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Traits of being a Leader

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Some people are born leaders. As a matter of fact, you don’t need to hold a managerial position before you can become a leader. There are certain traits you will have that will make people within your organization see you as a leader. However, this article will focus on the 5 traits that will make others see you as a leader.

 

Generally, some leaders are made, while others are born. And, When you possess any of these 5 traits, people will see you as a leader regardless of your role.

 

So, before you read further I want to ask you this question. Do you want to be seen as a leader in your organization? If yes, read the 5 traits that will make others see you as a leader below.

 

5 Traits That Will Make Others See You As A Leader

 

#1 Listen Actively

 

Active listening is one of the traits that will make others see you as a leader. Most people think leading means speaking out, but they are wrong.

 

According to Elizabeth McLeod “If you focus your mindful listening, you can garner more opportunity without saying a word”

 

Mindful listening goes beyond keeping quiet and nodding. As a matter of fact, it involves focusing on the person you are listening to is saying, understand their body language while maintaining eye contact. Oh, it looks easy to you right? but only few people pay attention to this.

 

 

When you listen actively, you can sort and frame information, and when you finally speak, everybody will listen. This is because they know you have understood their point of view perfectly. Lastly, McLeod said ” If you want people to see you as an authority figure, stop talking, take a break and listen”.

 

#2 Make Your Meeting Count

 

The best time for your colleagues to see the stuff you are made of is during meeting. So, If you want others to see you as a leader, make every meeting count.

 

Therefore, be active in every meeting, prepare very well ahead of time. Read any pre-reads, listen actively through out the meeting, asking intelligent questions etc.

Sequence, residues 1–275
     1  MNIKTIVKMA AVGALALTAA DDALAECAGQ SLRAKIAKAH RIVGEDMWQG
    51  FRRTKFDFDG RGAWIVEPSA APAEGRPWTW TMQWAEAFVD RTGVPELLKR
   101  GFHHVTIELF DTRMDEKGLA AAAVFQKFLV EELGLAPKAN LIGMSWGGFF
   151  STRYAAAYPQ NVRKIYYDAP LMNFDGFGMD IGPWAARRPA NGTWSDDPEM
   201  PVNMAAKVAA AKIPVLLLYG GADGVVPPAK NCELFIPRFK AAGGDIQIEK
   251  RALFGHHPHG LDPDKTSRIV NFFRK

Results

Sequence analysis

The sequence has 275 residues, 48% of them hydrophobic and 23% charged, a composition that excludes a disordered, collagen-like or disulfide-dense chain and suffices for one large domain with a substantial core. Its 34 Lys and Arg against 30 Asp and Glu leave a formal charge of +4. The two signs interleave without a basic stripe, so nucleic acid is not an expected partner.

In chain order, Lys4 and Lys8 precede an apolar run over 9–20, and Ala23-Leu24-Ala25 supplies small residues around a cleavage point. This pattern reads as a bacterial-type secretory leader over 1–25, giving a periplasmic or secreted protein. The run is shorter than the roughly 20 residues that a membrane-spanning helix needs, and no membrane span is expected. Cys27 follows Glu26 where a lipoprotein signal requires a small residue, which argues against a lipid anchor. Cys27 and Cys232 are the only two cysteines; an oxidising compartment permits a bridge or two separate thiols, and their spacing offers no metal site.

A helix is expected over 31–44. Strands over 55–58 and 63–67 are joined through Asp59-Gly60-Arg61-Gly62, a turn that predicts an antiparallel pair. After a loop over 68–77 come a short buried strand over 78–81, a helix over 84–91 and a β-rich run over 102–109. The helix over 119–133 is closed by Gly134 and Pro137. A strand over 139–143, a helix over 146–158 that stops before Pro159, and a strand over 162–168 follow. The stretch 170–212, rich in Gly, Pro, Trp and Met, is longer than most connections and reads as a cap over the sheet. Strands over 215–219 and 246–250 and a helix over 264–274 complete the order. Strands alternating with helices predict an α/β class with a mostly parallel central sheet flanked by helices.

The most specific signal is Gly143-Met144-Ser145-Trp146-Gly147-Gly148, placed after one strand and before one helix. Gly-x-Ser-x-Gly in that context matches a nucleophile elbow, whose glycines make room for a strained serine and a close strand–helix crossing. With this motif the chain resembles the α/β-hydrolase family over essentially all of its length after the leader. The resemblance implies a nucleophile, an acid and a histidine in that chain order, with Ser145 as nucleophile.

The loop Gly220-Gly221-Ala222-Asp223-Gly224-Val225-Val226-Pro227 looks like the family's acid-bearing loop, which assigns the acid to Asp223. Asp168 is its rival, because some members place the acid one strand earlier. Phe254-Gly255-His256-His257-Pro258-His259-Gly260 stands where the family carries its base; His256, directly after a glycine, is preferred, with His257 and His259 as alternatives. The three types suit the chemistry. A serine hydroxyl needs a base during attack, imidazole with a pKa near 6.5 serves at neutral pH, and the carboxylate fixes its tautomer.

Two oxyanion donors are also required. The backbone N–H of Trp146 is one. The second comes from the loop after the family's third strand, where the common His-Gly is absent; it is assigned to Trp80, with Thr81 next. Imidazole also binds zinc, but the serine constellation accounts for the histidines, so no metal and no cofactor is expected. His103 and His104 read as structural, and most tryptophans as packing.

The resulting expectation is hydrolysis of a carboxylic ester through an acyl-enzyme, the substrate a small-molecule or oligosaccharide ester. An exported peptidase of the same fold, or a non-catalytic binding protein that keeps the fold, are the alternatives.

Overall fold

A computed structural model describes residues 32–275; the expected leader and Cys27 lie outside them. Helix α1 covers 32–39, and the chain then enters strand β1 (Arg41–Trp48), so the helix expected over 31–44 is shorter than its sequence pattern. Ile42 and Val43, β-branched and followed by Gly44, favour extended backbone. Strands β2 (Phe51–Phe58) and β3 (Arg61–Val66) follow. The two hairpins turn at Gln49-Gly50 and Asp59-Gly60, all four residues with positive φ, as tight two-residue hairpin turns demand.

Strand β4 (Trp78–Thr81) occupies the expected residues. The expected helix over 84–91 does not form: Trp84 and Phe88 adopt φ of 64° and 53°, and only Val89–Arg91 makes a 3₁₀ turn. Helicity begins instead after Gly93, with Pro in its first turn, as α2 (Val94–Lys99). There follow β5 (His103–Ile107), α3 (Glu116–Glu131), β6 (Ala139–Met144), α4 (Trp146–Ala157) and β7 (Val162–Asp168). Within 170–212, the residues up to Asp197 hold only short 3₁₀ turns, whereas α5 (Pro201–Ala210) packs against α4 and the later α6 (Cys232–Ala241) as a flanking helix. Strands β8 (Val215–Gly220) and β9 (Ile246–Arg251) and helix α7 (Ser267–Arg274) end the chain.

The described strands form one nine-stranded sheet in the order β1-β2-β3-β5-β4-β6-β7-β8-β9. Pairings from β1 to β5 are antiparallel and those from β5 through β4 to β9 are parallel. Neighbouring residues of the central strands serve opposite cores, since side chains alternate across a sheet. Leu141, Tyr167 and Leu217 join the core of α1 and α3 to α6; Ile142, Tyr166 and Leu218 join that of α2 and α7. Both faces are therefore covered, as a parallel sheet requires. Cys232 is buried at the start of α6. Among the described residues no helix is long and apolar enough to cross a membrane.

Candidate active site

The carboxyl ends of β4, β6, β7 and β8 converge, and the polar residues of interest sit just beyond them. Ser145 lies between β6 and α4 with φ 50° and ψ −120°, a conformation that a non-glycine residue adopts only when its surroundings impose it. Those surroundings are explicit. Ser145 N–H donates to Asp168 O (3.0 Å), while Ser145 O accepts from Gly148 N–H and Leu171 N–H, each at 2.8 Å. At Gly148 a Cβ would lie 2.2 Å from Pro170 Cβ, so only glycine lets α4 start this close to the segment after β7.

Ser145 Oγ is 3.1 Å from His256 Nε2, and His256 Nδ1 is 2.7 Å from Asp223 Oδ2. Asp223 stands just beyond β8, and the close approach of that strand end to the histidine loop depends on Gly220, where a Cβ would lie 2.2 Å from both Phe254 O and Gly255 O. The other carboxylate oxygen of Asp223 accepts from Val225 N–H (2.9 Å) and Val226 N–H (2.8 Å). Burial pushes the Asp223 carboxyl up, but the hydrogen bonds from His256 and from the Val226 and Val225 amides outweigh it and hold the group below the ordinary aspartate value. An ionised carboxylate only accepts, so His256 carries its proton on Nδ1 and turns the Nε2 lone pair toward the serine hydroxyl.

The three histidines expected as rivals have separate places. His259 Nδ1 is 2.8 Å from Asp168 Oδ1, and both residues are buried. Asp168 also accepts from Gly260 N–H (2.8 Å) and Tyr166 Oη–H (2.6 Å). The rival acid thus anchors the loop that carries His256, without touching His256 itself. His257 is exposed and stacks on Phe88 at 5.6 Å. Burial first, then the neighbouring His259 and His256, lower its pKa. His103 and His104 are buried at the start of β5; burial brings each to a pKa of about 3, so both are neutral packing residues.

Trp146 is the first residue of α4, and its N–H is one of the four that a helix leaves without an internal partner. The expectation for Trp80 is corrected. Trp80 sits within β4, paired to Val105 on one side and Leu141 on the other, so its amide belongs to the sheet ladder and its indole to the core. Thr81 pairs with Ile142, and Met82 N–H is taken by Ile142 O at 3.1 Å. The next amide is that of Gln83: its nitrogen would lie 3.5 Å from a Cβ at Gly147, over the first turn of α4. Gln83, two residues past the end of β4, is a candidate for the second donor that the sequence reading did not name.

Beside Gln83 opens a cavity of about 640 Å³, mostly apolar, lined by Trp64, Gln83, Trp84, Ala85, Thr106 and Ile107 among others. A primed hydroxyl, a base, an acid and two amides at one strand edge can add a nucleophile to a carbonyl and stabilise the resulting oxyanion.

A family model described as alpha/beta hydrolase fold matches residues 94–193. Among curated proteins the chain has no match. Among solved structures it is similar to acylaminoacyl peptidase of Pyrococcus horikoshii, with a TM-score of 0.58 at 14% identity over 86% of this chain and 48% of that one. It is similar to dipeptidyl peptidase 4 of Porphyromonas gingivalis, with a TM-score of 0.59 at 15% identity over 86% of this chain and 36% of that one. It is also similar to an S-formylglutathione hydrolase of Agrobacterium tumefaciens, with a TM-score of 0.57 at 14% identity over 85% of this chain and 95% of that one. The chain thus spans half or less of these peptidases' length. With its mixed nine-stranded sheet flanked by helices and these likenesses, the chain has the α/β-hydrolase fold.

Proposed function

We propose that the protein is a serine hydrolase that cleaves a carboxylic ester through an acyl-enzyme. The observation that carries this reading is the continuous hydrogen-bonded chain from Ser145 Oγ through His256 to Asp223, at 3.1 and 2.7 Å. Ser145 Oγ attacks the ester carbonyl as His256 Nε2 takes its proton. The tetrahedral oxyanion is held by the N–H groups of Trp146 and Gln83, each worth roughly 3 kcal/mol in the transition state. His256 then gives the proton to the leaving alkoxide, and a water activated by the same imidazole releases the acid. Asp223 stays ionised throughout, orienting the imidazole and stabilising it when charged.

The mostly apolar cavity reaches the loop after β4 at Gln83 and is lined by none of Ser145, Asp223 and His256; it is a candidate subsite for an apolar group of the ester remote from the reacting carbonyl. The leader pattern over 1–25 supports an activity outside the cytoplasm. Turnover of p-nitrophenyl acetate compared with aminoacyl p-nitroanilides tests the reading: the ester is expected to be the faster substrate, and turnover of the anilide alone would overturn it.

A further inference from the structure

#3 Proactively Find A Mentor

 

Developing your skill continuously is one of the traits that will make others see you as a leader. The easiest way to develop your skill is to find a mentor.

 

You can take your boss as a mentor, but if you don’t want to use him, start looking for someone else.

 

#4 Look for root causes rather than quick fixes

 

When things go wrong in an organization, some people will always look for quick fixes. However, if you want people around you to see you as a leader, always look for the root cause of any problem.

 

The first step to do this, is to accept failure confidently. Once you accept failure, look for proactive ways of preventing it for happening again.

 

#5 Always speak the truth when things go wrong

 

When things go wrong, never cast a blame, rather speak the truth. And speaking the truth involves explaining what happened and strive towards fixing it.

 

People that cast blames are those that avoid responsibility, and this only distract you from solving the problem.

 

So, these are the 5 traits that will make others see you as a leader. Apply them and tell the world your experience.

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Atiku vs Buhari: Tribunal Fixes Date For Final Judgement

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The presidential election tribunal is reportedly set to deliver the final judgement on September 15

PDP’s Atiku had on March 18, 2019 filed a petition challenging the victory of President Buhari of the APC in the 2019 general elections – Section 134 (1) to (3) of the Electoral Act provides that an election petition should be filed, heard and determined within 180 days The presidential election petitions tribunal is reportedly set to deliver judgement not later than 13th of September, 2019.

Leadership newspaper, quoting an anonymous source, reports that the initial date of September 15 set by the tribunal is no longer realistic because it is a Sunday.

The source claimed that the judgement will be delivered on September 13. “The petition of the Peoples Democratic Party (PDP) presidential candidate in the February 23 presidential election, Alhaji Atiku Abubakar, and his party, will definitely be decided before September 15.

’They (the tribunal) cannot go beyond that date in deciding the petition one way or the other because by law, that is how far they can go in the case. They can’t sit beyond that day. They are not permitted to do so by law. The 180 days stipulated by the law will elapse that day,’’ according to the source.

Section 134 (1) to (3) of the Electoral Act provides that an election petition should be filed, heard and determined within 180 days. Atiku had on March 18, 2019, filed a petition at the tribunal claiming that he and his party defeated President Muhammadu Buhari, the candidate of the All Progressives Congress (APC), who was declared the winner of the election by the Independent National Electoral Commission (INEC).

The tribunal, headed by Justice Mohammed Garba, which began its inaugural sitting on May 7, reserved the petition for judgement on August 21 after hearing the arguments of the parties before it